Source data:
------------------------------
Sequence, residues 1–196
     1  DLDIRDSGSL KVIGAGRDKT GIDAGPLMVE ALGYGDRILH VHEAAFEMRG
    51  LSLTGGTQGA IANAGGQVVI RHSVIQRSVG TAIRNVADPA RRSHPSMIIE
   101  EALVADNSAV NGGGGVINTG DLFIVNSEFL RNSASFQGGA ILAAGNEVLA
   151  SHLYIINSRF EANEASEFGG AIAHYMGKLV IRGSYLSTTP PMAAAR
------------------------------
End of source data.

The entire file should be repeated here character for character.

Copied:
Sequence, residues 1–196
     1  DLDIRDSGSL KVIGAGRDKT GIDAGPLMVE ALGYGDRILH VHEAAFEMRG
    51  LSLTGGTQGA IANAGGQVVI RHSVIQRSVG TAIRNVADPA RRSHPSMIIE
   101  EALVADNSAV NGGGGVINTG DLFIVNSEFL RNSASFQGGA ILAAGNEVLA
   151  SHLYIINSRF EANEASEFGG AIAHYMGKLV IRGSYLSTTP PMAAAR